New challenge to Texas voting laws
New pressure in court to compel the state of Texas to get advance approval before it can enforce any voting laws, including its two-year-old voter ID law, will now be applied in an existing lawsuit in federal court in Corpus Christi. That lawsuit is unfolding before the same judge who was assigned on Thursday to handle the Obama administration’s new challenge to that law and to Texas’s desire to avoid direct court supervision of its election system.
The new developments illustrate the spreading attempt to limit the impact on the rights of minority voters and candidates of the Supreme Court’s June 25 decision in Shelby County v. Holder, which ended the requirement that Texas and eight other states with a history of race bias in voting obtain federal approval for any changes in their voting laws or procedures.
One day after the Shelby County decision, Democratic Rep. Marc Veasey of Fort Worth, an African American, and a group of minority voters, local officials, and political candidates sued the state over the voter ID law. Their lawsuit contended that the law “is one of the most stringent, if not most stringent, in the country.”
On Thursday, within hours after the Justice Department filed its own lawsuit against that law, in the same federal district court in south Texas, attorneys for the congressman and the others filed an amended version of that lawsuit. It added new constitutional claims, new challengers — Dallas County and a Hispanic civil rights group — and asked that U.S. District Judge Nelva Gonzales Ramos order Texas to get “preclearance” for changes it wanted to make in election laws or regulations.
In their initial filing two month ago, the challengers had asked for a ruling that the voter ID law — known as “SB 14” (for Senate Bill) — violated Section 2 of the Voting Rights Act of 1965 and the voting rights protections of the Fourteenth and Fifteenth Amendments. They also sought an order blocking enforcement of the law. They did not include a plea to put Texas under the preclearance regime of the 1965 law’s Section 3 — a provision left intact by the Supreme Court’s ruling.
The new version added a preclearance request, along with new claims of violations of the equal protection guarantees of the Fourteenth Amendment, the free-speech guarantees of the First Amendment, and — because of the cost of obtaining an ID that would satisfy the law — the Twenty-Fourth Amendment’s ban on a poll tax.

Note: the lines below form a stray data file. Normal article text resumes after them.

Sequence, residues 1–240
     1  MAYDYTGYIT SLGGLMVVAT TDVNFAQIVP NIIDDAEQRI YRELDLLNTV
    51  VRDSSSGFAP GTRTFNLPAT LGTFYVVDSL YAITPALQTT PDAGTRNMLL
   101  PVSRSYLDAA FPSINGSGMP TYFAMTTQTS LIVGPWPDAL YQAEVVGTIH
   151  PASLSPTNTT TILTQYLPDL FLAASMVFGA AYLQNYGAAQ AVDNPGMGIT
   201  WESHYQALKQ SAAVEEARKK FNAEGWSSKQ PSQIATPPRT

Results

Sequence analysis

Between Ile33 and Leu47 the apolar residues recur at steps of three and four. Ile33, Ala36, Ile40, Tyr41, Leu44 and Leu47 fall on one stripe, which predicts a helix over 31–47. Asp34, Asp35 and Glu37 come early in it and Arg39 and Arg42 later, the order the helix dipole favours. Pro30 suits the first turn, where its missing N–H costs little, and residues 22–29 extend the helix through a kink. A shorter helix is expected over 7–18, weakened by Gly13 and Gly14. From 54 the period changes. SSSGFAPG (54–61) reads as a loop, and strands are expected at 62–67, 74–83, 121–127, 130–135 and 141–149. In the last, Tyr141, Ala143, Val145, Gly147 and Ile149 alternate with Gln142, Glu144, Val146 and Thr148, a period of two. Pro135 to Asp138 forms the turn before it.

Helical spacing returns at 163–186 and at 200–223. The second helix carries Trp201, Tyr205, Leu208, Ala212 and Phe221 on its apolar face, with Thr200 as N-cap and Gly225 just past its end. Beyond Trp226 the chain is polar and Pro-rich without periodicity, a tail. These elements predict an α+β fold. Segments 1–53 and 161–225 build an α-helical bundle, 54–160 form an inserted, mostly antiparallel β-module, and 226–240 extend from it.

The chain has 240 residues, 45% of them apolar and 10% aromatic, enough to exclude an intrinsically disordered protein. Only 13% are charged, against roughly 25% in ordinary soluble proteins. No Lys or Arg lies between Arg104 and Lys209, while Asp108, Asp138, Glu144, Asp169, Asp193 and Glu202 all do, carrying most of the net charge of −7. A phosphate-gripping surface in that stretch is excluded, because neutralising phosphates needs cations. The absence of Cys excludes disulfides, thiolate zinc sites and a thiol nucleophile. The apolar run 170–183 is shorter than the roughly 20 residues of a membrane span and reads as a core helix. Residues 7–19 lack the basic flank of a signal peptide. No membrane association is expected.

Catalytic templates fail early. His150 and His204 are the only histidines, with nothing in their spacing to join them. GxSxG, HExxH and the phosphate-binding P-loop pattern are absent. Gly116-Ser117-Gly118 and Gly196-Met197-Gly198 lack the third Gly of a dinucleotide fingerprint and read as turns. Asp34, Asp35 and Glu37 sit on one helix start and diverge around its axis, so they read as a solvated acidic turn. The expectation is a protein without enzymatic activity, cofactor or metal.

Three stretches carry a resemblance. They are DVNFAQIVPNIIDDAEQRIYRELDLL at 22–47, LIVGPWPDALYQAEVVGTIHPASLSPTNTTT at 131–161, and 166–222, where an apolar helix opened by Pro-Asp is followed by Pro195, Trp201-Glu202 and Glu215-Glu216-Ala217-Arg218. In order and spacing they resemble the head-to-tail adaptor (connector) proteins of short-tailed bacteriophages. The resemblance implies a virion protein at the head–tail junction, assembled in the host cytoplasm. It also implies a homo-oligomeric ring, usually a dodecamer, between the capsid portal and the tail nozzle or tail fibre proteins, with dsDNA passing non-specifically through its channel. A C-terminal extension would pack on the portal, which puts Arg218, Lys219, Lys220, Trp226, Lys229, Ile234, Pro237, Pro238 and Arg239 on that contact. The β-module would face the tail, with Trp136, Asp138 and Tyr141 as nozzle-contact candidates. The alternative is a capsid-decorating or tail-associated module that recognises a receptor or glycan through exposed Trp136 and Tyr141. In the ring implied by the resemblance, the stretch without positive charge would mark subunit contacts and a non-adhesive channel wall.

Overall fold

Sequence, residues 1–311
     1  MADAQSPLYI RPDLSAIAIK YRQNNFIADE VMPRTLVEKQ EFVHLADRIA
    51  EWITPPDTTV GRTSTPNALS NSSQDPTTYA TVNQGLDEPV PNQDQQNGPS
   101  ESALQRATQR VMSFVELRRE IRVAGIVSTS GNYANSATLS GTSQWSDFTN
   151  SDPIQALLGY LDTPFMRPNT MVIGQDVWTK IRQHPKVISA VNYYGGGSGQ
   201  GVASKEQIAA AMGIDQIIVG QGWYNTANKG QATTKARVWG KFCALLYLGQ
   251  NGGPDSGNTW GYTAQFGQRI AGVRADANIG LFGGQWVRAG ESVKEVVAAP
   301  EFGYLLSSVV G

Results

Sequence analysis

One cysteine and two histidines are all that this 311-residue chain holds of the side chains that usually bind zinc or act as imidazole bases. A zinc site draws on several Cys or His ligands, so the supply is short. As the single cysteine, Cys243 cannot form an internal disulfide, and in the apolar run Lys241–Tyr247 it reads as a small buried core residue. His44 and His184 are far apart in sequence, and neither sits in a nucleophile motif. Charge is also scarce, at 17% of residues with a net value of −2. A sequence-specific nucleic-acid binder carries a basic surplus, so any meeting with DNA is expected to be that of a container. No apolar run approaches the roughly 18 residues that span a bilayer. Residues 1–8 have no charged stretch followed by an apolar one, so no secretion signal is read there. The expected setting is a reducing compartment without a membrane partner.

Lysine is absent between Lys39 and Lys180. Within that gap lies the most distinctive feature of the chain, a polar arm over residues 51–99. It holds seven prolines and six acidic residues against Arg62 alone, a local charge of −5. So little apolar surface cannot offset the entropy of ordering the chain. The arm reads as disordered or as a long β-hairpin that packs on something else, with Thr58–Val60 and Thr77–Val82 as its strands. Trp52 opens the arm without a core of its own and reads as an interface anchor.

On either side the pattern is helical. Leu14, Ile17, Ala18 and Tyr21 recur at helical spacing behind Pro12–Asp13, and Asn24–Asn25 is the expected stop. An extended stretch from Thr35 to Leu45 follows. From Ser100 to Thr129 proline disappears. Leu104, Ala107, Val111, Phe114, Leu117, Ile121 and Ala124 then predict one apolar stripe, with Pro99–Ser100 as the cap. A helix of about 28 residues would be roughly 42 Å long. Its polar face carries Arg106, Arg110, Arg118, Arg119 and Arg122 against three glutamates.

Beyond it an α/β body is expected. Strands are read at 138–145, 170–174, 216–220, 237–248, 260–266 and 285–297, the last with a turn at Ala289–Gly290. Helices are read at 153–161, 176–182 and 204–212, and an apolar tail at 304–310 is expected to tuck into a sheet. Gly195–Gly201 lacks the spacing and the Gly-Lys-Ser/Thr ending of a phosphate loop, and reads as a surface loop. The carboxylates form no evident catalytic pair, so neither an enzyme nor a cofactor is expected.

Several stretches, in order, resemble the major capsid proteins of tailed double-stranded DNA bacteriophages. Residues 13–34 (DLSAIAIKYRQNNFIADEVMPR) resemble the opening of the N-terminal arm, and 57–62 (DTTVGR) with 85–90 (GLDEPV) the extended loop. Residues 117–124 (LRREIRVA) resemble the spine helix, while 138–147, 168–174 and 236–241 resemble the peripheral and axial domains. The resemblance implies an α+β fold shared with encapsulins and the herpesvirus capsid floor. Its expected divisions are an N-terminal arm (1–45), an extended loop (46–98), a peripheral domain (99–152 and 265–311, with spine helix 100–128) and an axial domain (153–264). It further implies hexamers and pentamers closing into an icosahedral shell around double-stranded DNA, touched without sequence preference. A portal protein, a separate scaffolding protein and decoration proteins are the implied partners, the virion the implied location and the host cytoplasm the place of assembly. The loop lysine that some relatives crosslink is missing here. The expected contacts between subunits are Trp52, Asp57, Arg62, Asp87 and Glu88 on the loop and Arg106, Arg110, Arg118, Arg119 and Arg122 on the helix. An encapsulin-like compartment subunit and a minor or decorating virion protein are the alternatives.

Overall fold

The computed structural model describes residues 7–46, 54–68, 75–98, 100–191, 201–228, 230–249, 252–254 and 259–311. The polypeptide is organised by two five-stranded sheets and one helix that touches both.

The state of Texas, the lawsuit contended, “has a long, notorious history of disfranchising voters by various methods and discriminating against classes of voters, especially on account of race and ethnicity. Senate Bill 14 of 2011 is another effort to achieve those unlawful ends.”
Texas, it added, “will continue to discriminate” unless it is put under an order to get clearance either from the district court in Corpus Christi or from the U.S. attorney general for any changes in voting laws or methods.
The Justice Department made the same plea under the 1965 law’s Section 3 in its lawsuit. Late Thursday, the Justice Department case was added to Judge Gonzales Ramos’s docket.
Texas officials have not yet filed answers to either of the lawsuits against its voter ID law, but top officials have issued public statements condemning the new challenges as interferences with Texas’s power to conduct its own elections as a sovereign state.
A Section 3 preclearance claim has been made in two other federal courts involving Texas voting laws — in a federal district court in San Antonio and in one in Washington, D.C. One uncertain question hanging over these multiplying claims is how different federal courts would sort out who supervised Texas, if more than one of them imposed a preclearance mandate and if they did so for different periods of time.
Because the Section 3 preclearance requirement has been seldom used, the courts have not developed a significant body of law to sort out how it actually is to work. Ultimately, that broad question probably will go to the Supreme Court for final resolution.
Prior to the Shelby County decision, preclearance requirements for states with a past history of discrimination in elections were imposed under Section 5 of the 1965 law. That provision, somewhat different in detail from the Section 3 preclearance regime now being sought, was made unenforceable by the Supreme Court when it struck down the coverage formula that put state and local governments under Section 5.